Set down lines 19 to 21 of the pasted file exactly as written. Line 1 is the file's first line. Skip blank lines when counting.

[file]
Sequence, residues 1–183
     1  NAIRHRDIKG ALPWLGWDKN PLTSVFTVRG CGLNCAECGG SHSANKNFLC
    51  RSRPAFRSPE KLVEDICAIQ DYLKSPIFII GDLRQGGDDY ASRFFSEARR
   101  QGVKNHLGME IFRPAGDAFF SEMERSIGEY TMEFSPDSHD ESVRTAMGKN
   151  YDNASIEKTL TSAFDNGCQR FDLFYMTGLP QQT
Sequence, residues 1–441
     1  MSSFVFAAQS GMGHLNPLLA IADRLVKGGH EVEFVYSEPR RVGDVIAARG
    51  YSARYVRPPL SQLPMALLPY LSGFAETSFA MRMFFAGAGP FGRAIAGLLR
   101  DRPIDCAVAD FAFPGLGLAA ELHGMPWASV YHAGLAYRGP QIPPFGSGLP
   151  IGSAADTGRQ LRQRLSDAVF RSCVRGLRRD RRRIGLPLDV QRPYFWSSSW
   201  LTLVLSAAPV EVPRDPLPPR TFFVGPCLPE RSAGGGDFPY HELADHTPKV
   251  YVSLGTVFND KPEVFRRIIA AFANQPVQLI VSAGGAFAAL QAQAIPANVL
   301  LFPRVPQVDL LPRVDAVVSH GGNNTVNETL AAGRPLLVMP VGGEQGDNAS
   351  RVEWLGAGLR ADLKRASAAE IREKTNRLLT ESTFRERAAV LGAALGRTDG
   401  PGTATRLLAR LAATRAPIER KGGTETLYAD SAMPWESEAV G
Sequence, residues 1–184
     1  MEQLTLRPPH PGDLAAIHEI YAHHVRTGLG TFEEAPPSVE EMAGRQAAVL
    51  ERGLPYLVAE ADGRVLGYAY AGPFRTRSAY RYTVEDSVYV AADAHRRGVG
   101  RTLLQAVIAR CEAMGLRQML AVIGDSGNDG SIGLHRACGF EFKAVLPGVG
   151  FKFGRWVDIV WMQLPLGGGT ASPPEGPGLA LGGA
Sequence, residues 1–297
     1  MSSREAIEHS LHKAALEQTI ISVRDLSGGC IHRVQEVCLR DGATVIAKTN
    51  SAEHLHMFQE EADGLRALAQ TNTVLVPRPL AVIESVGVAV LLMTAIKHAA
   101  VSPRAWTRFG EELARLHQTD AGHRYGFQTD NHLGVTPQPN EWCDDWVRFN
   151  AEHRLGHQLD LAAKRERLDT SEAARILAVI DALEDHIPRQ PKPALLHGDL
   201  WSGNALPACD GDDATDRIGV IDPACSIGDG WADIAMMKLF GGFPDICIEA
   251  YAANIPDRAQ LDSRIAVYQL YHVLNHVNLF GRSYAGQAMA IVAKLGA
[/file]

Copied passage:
   101  RTLLQAVIAR CEAMGLRQML AVIGDSGNDG SIGLHRACGF EFKAVLPGVG
   151  FKFGRWVDIV WMQLPLGGGT ASPPEGPGLA LGGA
Sequence, residues 1–297